A bomb apparently dropped by an American fighter jet called in for air support killed three British soldiers in southern Afghanistan, officials said Friday. Two soldiers were seriously wounded.
A British soldier secures the area near a suicide blast outside Kabul, July 6, 2007. Three British soldiers have been killed in southern Afghanistan in a suspected 'friendly fire' incident, the Ministry of Defence said on Friday. Two other soldiers were injured. [Reuters]
The British unit was on patrol Thursday evening in Helmand province when it came under Taliban attack, the British Ministry of Defense said.
"During the intense engagement that ensued, close air support was called in from two US F-15 aircraft to repel the enemy. One bomb was dropped and it is believed the explosion killed the three soldiers."
They were the first British soldiers killed in friendly fire in Afghanistan, although joint operations between US and British forces in Iraq have been marred by "friendly fire" deaths caused by the failure of equipment and personnel in correctly identifying allies.
Britain did not identify the soldiers, from 1st Battalion, The Royal Anglian Regiment. It said an investigation was planned.
British troops have been battling militants for months in Kajaki, where repairs are taking place on a hydroelectric dam that will be able to supply close to 2 million Afghans with electricity.
"There are a handful of different reasons why this tragic incident has happened and we are not in a position at the moment and I don't think we will be for some time to find out exactly what has happened," said a spokesman for British troops in Helmand, Lt. Colonel Charlie Mayo.
Mayo said both wounded soldiers were injured seriously.
The American embassy in London said "the United States expresses its deep condolences to the families and loved ones of the soldiers who died, and we wish those who were injured a speedy recovery."
After an inquest into the death of British soldier Lance Cpl. Matty Hull, 25, killed in a friendly fire attack by two American pilots in Iraq in 2003, opposition legislators in Britain called for improvements in joint identification systems.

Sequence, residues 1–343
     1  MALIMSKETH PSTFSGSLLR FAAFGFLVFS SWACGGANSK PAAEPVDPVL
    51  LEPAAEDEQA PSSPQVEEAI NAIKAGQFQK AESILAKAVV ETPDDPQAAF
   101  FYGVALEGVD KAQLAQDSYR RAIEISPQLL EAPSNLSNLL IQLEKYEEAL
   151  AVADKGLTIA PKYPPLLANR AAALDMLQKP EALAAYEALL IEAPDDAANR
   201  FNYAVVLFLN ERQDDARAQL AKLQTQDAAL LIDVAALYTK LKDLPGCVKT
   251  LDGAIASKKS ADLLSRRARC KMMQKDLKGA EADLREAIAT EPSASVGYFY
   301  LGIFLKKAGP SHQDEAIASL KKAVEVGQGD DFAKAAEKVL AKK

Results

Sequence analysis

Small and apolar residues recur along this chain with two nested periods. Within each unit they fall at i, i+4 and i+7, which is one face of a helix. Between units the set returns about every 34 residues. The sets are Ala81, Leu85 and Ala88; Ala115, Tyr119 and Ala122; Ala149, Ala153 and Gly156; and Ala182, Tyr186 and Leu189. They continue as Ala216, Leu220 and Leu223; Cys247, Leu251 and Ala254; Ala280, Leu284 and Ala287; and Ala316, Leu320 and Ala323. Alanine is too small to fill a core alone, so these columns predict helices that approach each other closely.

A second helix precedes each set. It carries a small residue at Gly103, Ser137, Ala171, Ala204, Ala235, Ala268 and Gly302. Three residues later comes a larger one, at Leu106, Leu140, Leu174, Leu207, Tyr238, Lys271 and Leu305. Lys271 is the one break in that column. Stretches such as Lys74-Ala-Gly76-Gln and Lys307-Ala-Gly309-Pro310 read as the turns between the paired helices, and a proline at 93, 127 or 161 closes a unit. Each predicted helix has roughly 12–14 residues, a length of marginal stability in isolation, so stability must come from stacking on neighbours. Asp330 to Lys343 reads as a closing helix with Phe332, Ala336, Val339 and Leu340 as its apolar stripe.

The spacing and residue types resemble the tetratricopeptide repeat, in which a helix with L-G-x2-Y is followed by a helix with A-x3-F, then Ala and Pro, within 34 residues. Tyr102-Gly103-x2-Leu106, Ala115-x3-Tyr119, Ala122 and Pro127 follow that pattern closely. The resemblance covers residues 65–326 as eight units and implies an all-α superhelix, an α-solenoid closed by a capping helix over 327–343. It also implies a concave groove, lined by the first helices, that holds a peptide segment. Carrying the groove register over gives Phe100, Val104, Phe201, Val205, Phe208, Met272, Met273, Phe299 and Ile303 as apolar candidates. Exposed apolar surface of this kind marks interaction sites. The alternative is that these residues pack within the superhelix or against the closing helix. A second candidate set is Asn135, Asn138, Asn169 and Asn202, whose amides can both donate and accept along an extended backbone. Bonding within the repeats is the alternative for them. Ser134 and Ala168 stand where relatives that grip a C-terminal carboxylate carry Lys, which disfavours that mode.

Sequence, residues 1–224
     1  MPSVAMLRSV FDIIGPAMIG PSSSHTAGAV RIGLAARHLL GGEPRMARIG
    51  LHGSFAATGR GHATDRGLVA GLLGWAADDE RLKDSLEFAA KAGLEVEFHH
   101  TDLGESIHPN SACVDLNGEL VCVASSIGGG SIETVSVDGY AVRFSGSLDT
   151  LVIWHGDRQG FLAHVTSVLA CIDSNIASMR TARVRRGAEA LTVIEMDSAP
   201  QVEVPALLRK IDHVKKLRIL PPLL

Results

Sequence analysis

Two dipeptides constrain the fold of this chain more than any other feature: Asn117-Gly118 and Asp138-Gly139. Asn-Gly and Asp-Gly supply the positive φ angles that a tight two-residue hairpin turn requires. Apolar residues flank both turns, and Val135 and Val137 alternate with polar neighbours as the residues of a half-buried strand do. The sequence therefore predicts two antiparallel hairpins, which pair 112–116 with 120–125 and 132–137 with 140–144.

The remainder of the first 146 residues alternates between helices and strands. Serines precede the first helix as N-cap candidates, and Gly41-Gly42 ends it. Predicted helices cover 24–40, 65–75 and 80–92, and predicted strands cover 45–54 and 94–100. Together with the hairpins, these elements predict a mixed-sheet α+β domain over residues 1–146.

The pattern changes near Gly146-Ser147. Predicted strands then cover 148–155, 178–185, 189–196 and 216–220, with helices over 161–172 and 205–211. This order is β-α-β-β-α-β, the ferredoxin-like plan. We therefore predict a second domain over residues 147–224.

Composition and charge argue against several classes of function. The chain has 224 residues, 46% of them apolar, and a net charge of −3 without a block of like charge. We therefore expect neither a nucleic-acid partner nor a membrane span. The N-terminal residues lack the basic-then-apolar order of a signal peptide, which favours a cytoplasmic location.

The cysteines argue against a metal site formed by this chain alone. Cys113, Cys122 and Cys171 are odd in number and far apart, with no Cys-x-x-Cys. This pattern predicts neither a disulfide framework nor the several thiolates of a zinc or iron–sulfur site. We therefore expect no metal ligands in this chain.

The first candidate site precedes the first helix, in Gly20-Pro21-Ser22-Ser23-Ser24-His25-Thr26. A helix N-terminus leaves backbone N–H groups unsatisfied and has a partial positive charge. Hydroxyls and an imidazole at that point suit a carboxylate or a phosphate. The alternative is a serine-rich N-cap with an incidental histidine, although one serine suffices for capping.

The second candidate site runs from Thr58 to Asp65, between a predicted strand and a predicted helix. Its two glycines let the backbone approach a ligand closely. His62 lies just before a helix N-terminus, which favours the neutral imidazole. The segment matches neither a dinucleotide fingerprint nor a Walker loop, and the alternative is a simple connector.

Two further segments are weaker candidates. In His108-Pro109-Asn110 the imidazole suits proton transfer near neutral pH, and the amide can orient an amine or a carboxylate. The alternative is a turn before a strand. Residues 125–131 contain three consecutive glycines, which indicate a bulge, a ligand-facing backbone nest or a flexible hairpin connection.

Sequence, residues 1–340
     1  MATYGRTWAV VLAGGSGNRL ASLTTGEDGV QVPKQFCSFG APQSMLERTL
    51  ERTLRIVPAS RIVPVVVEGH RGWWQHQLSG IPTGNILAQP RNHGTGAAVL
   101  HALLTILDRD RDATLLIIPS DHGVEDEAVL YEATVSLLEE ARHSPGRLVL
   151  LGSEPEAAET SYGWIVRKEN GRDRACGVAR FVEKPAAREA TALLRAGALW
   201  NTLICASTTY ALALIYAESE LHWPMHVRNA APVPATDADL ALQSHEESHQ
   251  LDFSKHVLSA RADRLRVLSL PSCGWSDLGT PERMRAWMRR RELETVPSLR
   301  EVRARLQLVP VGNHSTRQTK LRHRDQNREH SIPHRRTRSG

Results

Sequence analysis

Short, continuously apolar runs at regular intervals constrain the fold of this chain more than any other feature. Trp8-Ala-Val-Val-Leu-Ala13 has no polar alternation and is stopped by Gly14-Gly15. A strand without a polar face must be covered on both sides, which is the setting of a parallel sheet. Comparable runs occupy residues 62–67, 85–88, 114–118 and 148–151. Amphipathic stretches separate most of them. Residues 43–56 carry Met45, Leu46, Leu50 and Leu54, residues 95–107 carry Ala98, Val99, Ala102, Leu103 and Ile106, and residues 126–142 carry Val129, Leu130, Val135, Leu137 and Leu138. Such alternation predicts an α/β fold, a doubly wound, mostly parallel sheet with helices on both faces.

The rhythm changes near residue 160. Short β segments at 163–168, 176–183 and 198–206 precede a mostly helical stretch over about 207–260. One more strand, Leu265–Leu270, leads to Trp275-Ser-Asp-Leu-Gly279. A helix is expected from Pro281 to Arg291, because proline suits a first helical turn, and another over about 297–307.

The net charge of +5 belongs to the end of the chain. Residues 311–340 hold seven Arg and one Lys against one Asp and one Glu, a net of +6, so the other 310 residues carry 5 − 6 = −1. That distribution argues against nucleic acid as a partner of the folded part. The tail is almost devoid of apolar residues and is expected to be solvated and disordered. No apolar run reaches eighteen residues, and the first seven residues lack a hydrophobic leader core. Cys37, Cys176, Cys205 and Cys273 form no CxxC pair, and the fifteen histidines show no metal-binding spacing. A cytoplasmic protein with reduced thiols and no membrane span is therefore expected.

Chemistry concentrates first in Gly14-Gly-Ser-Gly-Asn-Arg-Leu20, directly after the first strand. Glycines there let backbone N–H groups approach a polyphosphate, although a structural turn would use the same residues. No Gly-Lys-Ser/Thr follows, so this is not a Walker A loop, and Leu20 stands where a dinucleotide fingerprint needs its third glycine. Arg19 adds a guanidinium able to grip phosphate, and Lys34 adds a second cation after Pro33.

Britain last year threatened to end cooperation with the US on the new Joint Strike Fighter jet after 10 years of development, until the Pentagon resolved concerns it was not sharing enough information about the aircraft's sensitive software with London.
Earlier this year, Britain's Defense Secretary Des Browne said that since 1990 12 British personnel had died in friendly fire incidents involving US forces in Iraq, but that there had been no such deaths in Afghanistan.
US fire has mistakenly killed five Canadian soldiers -- one last September during intense airstrikes on Taliban strongholds near Kandahar, and four in April 2002 when an American pilot dropped a 500-pound bomb near where the troops were apparently conducting a live-fire exercise.
In August 2006, a bomb mistakenly dropped by coalition aircraft killed 10 Afghan police officers on a patrol in the country's southeast.
In the most famous friendly fire case of the Afghan conflict, Pat Tillman, the former NFL player who became an Army ranger, was killed in April 2004 by fellow troops near the Pakistani border.
Britain has about 7,000 troops in Afghanistan, most based around Helmand. The latest deaths bring to 73 the number of British personnel killed in the country since the US-led invasion in November 2001.
Taliban insurgents in the east and south of the country have stepped up their attacks on Afghan and coalition forces over the last 18 months, seeking to overthrow the Western-backed government installed in 2001 after the ouster of the Taliban.
On Thursday, Afghan forces killed three insurgents, two of whom were Islamic militants from Chechnya, during a one-hour gunbattle in southern Zabul province, said local government head Fazal Bari. He gave no more details.
Meanwhile, US-led coalition troops shot dead a suspected militant and detained 11 other people during a raid in eastern Afghanistan, the coalition said in a statement.
The militant was killed Friday while "attempting to engage coalition and Afghan forces" during a raid in Nangarhar province, the coalition statement said. Eleven other men detained will be questioned "as to their involvement in militant activities," it said.
Troops recovered weapons and ammunition during the raid, the statement said.